An artery (plural arteries) (from Greek, Modern ἀρτηρία (artēria), meaning 'windpipe, artery') is a blood vessel that takes blood away from the heart to all parts of the body (tissues, lungs, etc). Most arteries carry oxygenated blood; the two exceptions are the pulmonary and the umbilical arteries, which carry deoxygenated blood to the organs that oxygenate it. The effective arterial blood volume is that extracellular fluid which fills the arterial system.

The arteries are part of the circulatory system, which is responsible for the delivery of oxygen and nutrients to all cells, as well as the removal of carbon dioxide and waste products, the maintenance of optimum blood pH, and the circulation of proteins and cells of the immune system.

Brachiocephalic

Brachiocephalic can refer to the following:

The brachiocephalic artery supplies blood to the right arm, head and neck.

The left and right brachiocephalic veins merge to form the superior vena cava, one of the primary pathways by which blood is returned to the heart.

Brachiocephalic, an alternate spelling of brachycephalic, is a grouping within the cephalic index describing "short headed" animals or persons. A common use of this term is in describing pug-nosed dogs.

Brachiocephalic vein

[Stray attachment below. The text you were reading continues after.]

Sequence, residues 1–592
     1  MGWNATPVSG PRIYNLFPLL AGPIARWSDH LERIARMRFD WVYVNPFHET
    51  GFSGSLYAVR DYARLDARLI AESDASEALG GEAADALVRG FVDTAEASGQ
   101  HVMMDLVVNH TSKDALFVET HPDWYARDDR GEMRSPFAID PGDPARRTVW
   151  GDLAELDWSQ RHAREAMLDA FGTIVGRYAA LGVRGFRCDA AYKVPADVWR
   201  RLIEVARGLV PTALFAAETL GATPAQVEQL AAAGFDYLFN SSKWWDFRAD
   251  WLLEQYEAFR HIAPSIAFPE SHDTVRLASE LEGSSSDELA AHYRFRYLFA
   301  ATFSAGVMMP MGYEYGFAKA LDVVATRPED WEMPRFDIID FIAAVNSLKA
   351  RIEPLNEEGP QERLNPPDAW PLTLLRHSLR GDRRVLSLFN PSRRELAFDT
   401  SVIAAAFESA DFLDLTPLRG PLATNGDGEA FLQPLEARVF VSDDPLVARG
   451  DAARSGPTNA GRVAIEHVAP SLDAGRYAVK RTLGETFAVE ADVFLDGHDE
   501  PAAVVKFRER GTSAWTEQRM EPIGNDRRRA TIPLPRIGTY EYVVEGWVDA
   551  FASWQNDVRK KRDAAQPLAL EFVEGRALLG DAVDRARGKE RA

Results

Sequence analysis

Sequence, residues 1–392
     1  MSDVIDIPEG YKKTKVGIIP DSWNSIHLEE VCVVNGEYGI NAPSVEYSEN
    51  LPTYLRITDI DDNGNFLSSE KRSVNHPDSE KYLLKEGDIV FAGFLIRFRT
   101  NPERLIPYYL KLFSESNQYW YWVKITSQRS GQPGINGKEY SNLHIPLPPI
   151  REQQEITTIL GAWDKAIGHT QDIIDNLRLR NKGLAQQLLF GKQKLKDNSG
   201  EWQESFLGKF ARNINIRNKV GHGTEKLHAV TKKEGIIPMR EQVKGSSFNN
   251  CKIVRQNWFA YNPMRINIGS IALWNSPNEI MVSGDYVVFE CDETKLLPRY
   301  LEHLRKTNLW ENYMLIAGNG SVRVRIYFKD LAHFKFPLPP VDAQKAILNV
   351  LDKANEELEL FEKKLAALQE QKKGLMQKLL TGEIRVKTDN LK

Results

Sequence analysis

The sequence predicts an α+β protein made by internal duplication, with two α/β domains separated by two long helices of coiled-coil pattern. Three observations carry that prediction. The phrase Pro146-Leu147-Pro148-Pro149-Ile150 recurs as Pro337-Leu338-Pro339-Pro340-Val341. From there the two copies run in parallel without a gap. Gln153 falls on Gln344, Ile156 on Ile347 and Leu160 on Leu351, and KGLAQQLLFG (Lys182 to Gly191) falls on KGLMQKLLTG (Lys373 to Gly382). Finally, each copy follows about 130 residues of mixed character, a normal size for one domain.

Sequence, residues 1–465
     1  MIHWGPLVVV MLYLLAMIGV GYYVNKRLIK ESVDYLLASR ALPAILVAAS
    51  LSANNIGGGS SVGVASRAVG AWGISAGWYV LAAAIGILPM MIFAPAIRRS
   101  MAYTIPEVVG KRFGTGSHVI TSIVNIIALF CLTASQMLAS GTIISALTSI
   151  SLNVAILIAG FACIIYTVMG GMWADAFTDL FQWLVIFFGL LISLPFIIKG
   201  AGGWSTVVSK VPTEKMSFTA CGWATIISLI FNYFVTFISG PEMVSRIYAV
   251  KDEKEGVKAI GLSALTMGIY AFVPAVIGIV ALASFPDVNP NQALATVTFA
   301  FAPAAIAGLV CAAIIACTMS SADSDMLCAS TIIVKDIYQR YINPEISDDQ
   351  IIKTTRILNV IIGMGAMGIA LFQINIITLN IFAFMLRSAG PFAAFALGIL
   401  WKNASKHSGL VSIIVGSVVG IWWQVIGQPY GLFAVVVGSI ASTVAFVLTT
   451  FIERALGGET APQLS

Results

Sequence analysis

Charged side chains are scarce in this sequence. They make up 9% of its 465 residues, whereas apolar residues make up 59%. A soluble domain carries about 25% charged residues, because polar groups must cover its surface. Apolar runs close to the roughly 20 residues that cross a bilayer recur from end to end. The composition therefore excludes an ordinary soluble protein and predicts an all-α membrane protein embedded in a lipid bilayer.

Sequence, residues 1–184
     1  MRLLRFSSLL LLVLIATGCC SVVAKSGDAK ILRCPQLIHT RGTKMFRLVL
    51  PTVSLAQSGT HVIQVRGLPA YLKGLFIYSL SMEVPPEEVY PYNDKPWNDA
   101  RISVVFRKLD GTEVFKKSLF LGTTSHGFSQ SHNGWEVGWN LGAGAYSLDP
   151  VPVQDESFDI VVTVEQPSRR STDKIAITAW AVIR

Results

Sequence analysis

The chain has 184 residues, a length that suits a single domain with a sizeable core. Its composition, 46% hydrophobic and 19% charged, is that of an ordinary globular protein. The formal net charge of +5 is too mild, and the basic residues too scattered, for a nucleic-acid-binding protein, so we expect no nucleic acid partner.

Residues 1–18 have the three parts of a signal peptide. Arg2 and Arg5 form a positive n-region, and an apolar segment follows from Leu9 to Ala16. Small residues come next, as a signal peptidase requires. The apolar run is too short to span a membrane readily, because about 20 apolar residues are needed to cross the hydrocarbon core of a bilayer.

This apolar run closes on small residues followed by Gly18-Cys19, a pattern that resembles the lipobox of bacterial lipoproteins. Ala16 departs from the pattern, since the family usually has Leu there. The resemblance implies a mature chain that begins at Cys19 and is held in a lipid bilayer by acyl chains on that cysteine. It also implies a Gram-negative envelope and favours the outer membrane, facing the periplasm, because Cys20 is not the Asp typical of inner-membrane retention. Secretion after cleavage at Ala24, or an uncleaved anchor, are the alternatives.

The left and right brachiocephalic veins (or innominate veins) in the upper chest are formed by the union of each corresponding internal jugular vein and subclavian vein. This is at the level of the sternoclavicular joint. The left brachiocephalic vein is usually longer than the right.

These veins merge to form the superior vena cava, a great vessel, posterior to the junction of the first costal cartilage with the manubrium sternum.

The brachiocephalic veins are the major veins returning blood to the superior vena cava.

Common carotid artery

In anatomy, the left and right common carotid arteries (carotids) (English: ) are arteries that supply the head and neck with oxygenated blood; they divide in the neck to form the external and internal carotid arteries.

Descending thoracic aorta

The descending thoracic aorta is a part of the aorta located in the thorax. It is a continuation of the descending aorta and contained in the posterior mediastinal cavity. The descending thoracic aorta begins at the lower border of the fourth thoracic vertebra where it is continuous with the aortic arch, and ends in front of the lower border of the twelfth thoracic vertebra, at the aortic hiatus in the diaphragm where it becomes the abdominal aorta.

At its commencement, it is situated on the left of the vertebral column; it approaches the median line as it descends; and, at its termination, lies directly in front of the column.

The descending thoracic aorta has a curved shape that faces forward, and has small branches. It has a radius of approximately 1.16 cm.

Head and neck anatomy

This article describes the anatomy of the head and neck of the human body, including the brain, bones, muscles, blood vessels, nerves, glands, nose, mouth, teeth, tongue, and throat.

Inferior thyroid veins

The inferior thyroid veins appear two, frequently three or four, in number, and arise in the venous plexus on the thyroid gland, communicating with the middle and superior thyroid veins. While the superior and middle thyroid veins serve as direct tributaries to the internal jugular vein, the inferior thyroid veins drain directly to the brachiocephalic veins.